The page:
Two Apps That Deliver Quick Medical Advice from Pharmacists, Docs
If you have a non-emergency medical issue, you may be able to resolve it with an app instead of making a visit to the doctor. CIO.com mobile apps reviewer James A. Martin tested two apps to get advice about an unexpected allergic reaction and received surprisingly helpful advice.
A few weeks ago, I put on a pair of brand new latex gloves — something I hadn’t worn in years — to do some heavy-duty cleaning. Within an hour, a latex allergy I never knew I had turned me scarlet from scalp to toe. My skin was on fire. I didn’t think it was serious, but it was extremely uncomfortable.
Coincidentally, I’d recently read about the free Walgreens pharmacist chat feature, which is available in its Android and iOS apps, as well as on its website. I used the Walgreens app on my iPhone to get advice.
It only took a minute or so before a pharmacist came online to answer my questions. She suggested I use topical lotions with aloe to reduce the burning sensation. I also asked if I should take Benadryl, an over-the-counter antihistamine. The pharmacist said that would work, too, but it would also make me drowsy. I asked if she could check my prescriptions to ensure Benadryl doesn’t conflict with anything. After a few minutes, she returned and said that based on my prescriptions, she did not recommend taking Benadryl orally, but a topical gel would be fine.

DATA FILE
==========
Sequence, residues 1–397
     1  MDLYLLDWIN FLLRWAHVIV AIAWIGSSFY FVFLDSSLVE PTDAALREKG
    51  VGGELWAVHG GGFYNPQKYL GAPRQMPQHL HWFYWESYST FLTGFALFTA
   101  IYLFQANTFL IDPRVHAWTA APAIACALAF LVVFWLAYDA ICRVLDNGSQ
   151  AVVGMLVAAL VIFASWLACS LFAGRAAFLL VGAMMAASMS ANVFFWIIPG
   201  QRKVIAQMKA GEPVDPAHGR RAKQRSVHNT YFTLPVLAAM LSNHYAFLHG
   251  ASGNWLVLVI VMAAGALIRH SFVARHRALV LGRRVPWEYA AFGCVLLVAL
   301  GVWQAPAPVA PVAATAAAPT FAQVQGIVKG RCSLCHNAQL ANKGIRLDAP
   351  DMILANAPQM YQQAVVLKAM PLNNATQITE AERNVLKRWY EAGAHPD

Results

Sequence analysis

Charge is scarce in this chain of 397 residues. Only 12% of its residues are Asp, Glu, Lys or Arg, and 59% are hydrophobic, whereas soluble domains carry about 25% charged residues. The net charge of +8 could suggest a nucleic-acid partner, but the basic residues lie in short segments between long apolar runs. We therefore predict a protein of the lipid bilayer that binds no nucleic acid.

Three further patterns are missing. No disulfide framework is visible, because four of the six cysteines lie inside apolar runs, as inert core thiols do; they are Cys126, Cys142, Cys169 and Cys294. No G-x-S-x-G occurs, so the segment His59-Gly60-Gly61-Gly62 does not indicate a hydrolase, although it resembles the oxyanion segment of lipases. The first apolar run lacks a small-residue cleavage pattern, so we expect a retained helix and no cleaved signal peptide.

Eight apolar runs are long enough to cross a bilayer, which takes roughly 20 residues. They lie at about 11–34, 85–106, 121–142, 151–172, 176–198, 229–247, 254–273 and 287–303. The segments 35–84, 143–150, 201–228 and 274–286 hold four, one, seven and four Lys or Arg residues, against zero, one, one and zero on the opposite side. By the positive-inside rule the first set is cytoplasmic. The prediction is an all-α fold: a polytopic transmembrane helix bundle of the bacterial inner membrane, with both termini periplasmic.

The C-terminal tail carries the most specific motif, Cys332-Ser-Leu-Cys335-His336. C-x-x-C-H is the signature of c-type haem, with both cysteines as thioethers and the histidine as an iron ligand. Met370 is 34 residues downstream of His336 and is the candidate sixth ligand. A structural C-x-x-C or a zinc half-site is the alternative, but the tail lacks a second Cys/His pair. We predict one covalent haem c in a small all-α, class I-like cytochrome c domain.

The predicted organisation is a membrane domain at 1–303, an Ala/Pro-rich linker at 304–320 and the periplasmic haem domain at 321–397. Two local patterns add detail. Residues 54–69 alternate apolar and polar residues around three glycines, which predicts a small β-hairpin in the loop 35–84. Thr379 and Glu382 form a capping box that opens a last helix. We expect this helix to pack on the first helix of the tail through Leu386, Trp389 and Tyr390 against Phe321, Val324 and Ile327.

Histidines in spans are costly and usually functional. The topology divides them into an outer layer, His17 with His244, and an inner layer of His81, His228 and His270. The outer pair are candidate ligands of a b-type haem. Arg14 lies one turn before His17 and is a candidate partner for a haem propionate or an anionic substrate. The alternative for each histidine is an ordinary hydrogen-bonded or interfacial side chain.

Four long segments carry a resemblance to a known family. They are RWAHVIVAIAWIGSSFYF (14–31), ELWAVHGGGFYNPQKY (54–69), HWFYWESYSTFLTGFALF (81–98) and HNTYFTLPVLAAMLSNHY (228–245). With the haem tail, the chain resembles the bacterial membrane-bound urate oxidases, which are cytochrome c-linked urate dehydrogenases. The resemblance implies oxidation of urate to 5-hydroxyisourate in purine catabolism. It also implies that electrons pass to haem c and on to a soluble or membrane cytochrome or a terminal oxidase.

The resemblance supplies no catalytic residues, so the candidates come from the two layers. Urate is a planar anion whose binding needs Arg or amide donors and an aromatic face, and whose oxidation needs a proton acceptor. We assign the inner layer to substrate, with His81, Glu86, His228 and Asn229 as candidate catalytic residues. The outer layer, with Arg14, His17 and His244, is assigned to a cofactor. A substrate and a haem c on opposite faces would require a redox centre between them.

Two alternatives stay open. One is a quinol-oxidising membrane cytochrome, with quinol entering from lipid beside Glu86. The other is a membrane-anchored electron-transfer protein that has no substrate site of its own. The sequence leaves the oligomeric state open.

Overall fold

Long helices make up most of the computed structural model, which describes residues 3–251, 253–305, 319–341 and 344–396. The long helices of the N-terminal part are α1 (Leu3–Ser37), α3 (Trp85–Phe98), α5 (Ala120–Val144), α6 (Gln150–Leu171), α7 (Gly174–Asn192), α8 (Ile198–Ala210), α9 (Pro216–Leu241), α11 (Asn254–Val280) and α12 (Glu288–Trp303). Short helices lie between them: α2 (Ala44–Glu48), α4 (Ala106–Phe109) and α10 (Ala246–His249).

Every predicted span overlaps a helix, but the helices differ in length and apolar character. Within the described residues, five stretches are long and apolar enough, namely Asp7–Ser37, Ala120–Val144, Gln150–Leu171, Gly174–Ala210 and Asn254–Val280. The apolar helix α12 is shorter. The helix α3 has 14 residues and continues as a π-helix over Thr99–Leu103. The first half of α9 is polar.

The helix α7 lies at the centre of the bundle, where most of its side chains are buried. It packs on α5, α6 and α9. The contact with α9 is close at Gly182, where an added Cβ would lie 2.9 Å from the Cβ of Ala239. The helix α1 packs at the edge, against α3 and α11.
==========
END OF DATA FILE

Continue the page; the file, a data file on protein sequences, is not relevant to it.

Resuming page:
The Walgreens chat was a satisfying experience, because the pharmacist had access to my prescription history and could give me informed advice. Unfortunately, this isn’t the case with First Opinion, a freemium iOS app that puts a high-tech spin on the “doc in a box” concept.
The app lets you text questions to one of First Opinion’s six “family medicine practitioners,” but it doesn’t have access to your medical records or prescriptions. The doctors are available 24/7, and they’re supposed to respond to queries within 24 hours. If you pay $9 to upgrade, your queries are supposed to be answered within five minutes, and you can send photos to help with a diagnosis.
First Opinion requests only your first name and email address. You can also use a passcode lock to help ensure the privacy of your chats in the app.
After signing up, I was paired with “Dr. Bosky,” a “general practitioner and a mom,” according to the app. Dr. Bosky responded almost instantly. I explained the latex reaction. Her suggestion: Use calamine lotion or aloe vera gel for the burning sensation and “run cool water or have cold showers to soothe the skin.” I asked if she thought Benadryl would be helpful. She said it might help but that I should try “something locally first,” meaning a topical lotion instead of a pill.
Based on these two admittedly limited trials, I give a slight edge to Walgreens, assuming they have a record of your prescriptions and if your situation requires something stronger than over-the-counter medications. However, I still like First Opinion, and as its name suggests, it could certainly be useful for a first, or perhaps a second, opinion.
James A. Martin is a seasoned tech journalist and blogger based in San Francisco and winner of the 2014 ASBPE National Gold award for his CIO.com blog. He writes CIO.com's Living the Tech Life blog and is also a content marketing consultant.